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Egypt rations electricity to tackle power shortages

Egypt power shortage Shutterstock/GrishaN
Earlier in July, Egypt's government announced regular power cuts as it tried to limit consumption during a heatwave

Egypt’s government will implement emergency moves, including rationing electricity and increasing fuel oil imports, as it bids to tackle a summer power shortage, the country’s prime minister said on Thursday.

Egypt will import between $250 million and $300 million worth of mazut fuel oil to manage the power cuts, and will announce a plan to ration electricity in public spaces, Egyptian Prime Minister Mostafa Madbouly said on Thursday.

Further directives include a decision to compel some government employees to work from home on some days in August.

Earlier this month, Egypt’s government announced regular power cuts as it tried to limit consumption during a heatwave.

Residents have reported power cuts in several areas in Egypt this month as temperatures have risen above 40 degrees Celsius during a heatwave that has affected southern Europe and North Africa and coincided with extreme temperatures elsewhere in the Northern Hemisphere.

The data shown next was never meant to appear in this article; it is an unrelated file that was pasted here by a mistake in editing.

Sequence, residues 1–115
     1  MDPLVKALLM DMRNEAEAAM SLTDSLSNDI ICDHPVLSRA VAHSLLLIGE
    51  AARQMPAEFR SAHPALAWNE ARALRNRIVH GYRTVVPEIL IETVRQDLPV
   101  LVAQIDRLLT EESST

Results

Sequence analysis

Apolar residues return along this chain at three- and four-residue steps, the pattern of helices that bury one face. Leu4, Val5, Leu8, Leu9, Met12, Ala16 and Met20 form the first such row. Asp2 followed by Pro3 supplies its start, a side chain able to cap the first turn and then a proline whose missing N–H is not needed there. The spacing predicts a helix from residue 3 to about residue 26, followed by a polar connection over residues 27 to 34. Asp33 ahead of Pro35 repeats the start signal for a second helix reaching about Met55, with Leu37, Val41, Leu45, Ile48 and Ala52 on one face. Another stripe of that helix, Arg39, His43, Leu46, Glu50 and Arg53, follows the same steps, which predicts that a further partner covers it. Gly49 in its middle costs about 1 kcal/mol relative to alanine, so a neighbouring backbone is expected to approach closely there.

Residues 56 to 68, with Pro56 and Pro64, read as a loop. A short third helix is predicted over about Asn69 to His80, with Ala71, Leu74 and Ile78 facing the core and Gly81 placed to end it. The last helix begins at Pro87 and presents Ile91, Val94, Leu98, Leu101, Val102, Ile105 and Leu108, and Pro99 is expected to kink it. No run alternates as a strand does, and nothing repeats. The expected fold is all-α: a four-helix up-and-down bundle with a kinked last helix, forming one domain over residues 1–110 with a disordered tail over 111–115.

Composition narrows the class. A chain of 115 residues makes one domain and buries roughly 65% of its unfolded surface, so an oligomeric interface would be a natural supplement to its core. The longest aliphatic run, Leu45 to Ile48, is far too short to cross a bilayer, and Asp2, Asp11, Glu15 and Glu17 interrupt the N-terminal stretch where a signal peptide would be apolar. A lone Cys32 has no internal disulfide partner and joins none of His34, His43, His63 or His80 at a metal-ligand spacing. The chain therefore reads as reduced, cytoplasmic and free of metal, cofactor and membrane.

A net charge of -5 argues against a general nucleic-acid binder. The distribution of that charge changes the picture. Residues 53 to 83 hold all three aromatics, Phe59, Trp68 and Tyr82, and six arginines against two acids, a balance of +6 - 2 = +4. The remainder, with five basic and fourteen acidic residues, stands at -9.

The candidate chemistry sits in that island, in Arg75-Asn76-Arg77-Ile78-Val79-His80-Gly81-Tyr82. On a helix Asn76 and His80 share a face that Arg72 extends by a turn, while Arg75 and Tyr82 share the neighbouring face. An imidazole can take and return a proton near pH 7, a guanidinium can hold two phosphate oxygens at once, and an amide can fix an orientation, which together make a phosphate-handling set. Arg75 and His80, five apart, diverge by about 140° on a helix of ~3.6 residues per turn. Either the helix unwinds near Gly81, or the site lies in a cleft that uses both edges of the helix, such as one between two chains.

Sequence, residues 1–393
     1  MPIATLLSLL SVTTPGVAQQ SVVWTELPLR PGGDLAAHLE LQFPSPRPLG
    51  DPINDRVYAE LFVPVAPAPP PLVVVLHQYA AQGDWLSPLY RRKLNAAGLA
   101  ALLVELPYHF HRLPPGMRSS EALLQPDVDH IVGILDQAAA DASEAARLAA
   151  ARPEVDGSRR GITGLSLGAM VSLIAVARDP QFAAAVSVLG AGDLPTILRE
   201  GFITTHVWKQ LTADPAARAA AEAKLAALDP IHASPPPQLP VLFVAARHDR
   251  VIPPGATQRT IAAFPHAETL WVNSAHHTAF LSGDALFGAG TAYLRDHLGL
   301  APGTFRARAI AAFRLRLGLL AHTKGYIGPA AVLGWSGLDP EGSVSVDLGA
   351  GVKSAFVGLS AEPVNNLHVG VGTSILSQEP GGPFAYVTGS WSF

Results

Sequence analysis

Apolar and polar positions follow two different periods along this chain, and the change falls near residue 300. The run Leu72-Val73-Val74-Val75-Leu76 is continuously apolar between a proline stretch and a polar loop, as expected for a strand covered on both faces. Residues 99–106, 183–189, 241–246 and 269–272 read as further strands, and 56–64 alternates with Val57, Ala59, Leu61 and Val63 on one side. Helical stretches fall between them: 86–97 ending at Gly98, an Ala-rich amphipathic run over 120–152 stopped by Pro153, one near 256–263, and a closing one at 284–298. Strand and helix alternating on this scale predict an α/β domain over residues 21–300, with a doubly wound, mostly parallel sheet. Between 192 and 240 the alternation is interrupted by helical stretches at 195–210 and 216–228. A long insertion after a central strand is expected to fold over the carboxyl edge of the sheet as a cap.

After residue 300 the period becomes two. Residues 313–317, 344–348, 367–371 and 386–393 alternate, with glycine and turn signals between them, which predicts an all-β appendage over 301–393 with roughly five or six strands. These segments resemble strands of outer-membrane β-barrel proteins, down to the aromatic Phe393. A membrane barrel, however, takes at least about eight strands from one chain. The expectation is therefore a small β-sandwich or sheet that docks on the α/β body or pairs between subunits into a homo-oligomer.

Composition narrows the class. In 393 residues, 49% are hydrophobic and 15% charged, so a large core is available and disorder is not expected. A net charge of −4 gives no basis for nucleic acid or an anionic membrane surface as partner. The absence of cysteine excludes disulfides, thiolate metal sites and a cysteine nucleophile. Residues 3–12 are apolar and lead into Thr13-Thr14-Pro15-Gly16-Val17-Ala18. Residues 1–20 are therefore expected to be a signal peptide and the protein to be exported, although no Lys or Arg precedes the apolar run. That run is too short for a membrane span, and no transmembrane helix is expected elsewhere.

Egypt has rarely experienced power cuts since blackouts deepened discontent with then-president Mohamed Mursi around a decade ago.

The country has since invested in several Siemens power plants in an effort to revamp its ageing state-run infrastructure.

Madbouly explained that last year Egypt’s maximum daily consumption of natural gas and mazut stood at 129 million cubic meters. In July, daily consumption reached as much as 152 million cubic meters.

“We have used up all that we have of mazut and have started using more of our natural gas,” Madbouly said.

Last week, petroleum minister Tarek El Molla said that Egypt will start exporting natural gas again in the autumn as it deals with high domestic consumption in the summer.

Most of Egypt’s production is consumed domestically in the summer when temperatures are high, but there are excess quantities available for export during winter, Molla said.

Madbouly denied that the power cuts came as a result of declining natural gas production or issues with its natural gas field Zohr.

“We’re talking about extraordinary circumstances the entire world is facing and the degree of course changes for every country,” said Madbouly.

The prime minister said that in addition to the new directives, power cuts are expected to continue in August, with the government to announce their schedule in the coming days.